The strange tale of Casa Loma
Wandering down a suburban street in a modern metropolis, the last thing you expect to see is a medieval castle.
What makes the sight even less likely is that I'm not in Europe or Great Britain, but in North America.
And yet, here it looms, its turrets complete with arrow slits, looking out on a spectacular view over downtown Toronto.
This is Casa Loma, and it must be one of the strangest, most fascinating castles in the world.
Unlike, for instance, Victoria's cheesy Kryal Castle, which was built as a tourist attraction, Casa Loma was created as a home for one of Canada's richest men.
Only through the misfortune of its owner did the castle become an attraction open to the public in Canada's largest city.
Henry Pellatt, a wealthy industrialist and Anglophile, made his initial fortune through early investment in electricity supply and railroads.
His travels in Europe inspired a love of fine art and architecture, which in turn inspired him to build his giant home.
In 1911, worth C$17 million ($20.69 million) at the time, Pellatt set to work building Casa Loma with architect E.J. Lennox, incorporating classic castle features such as battlements and even secret passageways.
It took three years and C$3.5 million to build - a fortune now, an outrageous fortune then.
Seeing Casa Loma as it stands today, still in perfect condition, is a strange experience. The castle sits on Avenue Road Hill and is invisible as I approach from the train station at the bottom of the hill.
It's only when I reach the top of the stairs leading up the hill (which seem to be very popular with joggers) that the castle becomes visible. It sits there, in a fairly typical, tree-lined suburban street, a large part of its grounds now converted into parking spaces.
I enter through the large doors to the great hall, with its ceiling 18 metres high, and pick up an audio guide. This is a must, as guests wander the building on their own, and the audio guide adds plenty of fascinating details to the experience.
It's these details, and the general weirdness and folly of such a place in a Canadian city, that makes visiting Casa Loma worthwhile.
I take my time wandering through each room, from the great hall and dining room, to the beautiful and bright conservatory, through Pellat and his wife's separate bedrooms, even into the servants' quarters and to the top of one of the turrets.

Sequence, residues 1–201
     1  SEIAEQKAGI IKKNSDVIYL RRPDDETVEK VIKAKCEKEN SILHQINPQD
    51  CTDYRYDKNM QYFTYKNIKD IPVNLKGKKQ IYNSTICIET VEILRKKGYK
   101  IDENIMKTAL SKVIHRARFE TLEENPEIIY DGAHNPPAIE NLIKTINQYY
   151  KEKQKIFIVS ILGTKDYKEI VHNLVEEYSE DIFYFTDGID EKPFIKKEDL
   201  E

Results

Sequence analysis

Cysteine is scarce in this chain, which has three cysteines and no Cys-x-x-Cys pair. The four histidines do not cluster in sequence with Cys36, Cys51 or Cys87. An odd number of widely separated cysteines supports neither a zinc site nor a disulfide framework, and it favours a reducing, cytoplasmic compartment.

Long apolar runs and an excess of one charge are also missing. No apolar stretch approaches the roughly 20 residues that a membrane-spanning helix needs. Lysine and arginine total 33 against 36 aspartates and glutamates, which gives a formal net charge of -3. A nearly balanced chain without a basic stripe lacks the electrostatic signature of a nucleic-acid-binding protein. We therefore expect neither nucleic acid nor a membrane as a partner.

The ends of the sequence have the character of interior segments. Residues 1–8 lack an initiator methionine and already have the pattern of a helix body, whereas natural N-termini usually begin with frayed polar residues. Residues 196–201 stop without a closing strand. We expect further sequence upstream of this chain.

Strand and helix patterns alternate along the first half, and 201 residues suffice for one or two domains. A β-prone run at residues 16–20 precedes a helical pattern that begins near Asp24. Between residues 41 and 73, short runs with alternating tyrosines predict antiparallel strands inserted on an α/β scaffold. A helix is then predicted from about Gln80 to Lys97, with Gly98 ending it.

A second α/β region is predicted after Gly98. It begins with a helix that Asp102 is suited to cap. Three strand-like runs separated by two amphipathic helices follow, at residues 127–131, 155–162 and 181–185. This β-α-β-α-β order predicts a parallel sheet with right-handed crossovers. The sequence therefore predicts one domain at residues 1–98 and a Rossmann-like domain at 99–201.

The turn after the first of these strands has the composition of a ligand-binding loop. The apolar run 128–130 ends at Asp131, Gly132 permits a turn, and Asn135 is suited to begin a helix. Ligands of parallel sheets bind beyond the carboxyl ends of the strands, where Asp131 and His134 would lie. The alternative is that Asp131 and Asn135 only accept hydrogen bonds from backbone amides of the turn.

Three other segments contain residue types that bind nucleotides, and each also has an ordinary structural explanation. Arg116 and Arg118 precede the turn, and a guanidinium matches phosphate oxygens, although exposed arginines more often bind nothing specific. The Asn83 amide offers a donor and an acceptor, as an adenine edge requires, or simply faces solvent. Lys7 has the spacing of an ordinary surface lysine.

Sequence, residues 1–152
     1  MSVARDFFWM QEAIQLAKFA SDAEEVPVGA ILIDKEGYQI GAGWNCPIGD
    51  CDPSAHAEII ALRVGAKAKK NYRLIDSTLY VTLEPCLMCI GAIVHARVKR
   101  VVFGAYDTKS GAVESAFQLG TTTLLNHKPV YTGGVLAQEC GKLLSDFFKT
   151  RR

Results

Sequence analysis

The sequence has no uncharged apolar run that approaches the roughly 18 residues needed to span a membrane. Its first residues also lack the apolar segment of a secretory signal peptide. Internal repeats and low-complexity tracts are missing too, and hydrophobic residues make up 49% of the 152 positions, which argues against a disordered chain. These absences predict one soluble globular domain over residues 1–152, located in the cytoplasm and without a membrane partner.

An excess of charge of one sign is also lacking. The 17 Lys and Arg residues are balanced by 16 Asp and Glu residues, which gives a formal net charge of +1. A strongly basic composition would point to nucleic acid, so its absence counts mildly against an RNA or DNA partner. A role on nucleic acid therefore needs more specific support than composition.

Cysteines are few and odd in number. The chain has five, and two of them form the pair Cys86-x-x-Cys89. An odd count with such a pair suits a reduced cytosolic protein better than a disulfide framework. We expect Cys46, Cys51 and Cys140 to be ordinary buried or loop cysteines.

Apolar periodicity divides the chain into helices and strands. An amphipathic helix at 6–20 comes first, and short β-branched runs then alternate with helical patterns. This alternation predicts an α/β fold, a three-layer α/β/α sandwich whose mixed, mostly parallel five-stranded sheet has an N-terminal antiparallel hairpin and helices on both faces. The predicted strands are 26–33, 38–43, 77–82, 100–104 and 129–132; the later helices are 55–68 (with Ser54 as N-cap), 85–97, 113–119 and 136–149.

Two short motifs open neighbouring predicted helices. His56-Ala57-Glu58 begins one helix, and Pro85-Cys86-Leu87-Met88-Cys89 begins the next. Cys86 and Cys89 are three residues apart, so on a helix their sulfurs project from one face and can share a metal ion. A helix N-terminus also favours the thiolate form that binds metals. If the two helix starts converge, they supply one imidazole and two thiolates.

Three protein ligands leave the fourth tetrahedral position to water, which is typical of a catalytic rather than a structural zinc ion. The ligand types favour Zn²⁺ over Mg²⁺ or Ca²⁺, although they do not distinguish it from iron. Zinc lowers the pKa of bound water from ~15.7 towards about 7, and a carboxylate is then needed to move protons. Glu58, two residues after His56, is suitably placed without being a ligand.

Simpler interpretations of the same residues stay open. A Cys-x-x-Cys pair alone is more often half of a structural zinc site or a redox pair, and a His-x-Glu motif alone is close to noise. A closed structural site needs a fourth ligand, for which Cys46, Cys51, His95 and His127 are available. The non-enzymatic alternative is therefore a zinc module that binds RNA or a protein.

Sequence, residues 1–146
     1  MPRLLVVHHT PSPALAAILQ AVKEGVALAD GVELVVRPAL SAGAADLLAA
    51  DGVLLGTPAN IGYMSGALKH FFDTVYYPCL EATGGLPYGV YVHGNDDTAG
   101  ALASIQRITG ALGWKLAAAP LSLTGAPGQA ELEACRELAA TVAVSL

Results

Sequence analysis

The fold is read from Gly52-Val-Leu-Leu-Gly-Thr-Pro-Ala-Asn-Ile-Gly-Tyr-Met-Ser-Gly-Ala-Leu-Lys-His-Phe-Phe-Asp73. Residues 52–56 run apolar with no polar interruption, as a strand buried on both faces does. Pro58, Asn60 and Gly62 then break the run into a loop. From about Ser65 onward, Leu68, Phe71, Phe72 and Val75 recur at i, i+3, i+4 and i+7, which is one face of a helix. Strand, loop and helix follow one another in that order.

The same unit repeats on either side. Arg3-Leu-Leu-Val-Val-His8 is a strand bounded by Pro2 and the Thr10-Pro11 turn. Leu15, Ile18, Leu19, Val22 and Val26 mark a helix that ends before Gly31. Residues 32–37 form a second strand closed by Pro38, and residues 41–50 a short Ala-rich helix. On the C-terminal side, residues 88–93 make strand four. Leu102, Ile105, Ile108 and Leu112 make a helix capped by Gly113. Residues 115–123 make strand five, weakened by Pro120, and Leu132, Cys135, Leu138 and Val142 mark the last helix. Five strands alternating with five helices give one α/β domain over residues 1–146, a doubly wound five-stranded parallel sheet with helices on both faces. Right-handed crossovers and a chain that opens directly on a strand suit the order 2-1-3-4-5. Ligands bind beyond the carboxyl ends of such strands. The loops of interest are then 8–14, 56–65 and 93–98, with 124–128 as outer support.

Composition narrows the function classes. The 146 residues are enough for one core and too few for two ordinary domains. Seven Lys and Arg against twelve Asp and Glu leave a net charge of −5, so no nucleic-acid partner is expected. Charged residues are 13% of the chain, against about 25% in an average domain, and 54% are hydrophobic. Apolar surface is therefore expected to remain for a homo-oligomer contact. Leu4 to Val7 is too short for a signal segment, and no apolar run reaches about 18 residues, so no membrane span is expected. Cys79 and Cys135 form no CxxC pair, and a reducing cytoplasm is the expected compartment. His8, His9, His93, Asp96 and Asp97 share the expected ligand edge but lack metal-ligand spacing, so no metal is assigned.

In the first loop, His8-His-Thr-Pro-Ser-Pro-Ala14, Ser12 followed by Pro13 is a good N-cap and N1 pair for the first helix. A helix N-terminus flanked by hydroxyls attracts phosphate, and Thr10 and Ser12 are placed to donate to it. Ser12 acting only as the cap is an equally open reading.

Of course, I can't miss the opportunity to take the tunnel that leads to the stables, passing under what is now quite a busy thoroughfare.
Pellatt was forced to build the tunnel after the City of Toronto decided to put a road through his grounds. It was just one of a great many battles Pellatt had with the city's officials - many of whom, it seemed, despised the ostentatious lifestyle and home of the man. Unfortunately for Pellatt, the city tended to win.
The greatest, and perhaps saddest, victory for the officials was Pellatt's loss of Casa Loma in order to avoid bankruptcy - having lost his local monopoly on electricity supply and having suffered a series of bad investments,
Pellatt found himself in debt. The City of Toronto purchased his multi-million dollar home for the paltry sum of C$27,305 in 1934.
But it wasn't all bad - Pellatt, who died in 1939, lived long enough to see his home become a tourist attraction, saying that "it could not be put to better use".
Having had the opportunity to wander about this fascinating example of the ostentatiousness of the super-rich, I am inclined to agree with him.
The writer travelled as a guest of the Canadian Tourism Commission and Tourism Toronto.
Casa Loma is open daily from 9.30am-5pm. Adult entry C$20.55 ($25). See www.casaloma.org for more information
Sydney Morning Herald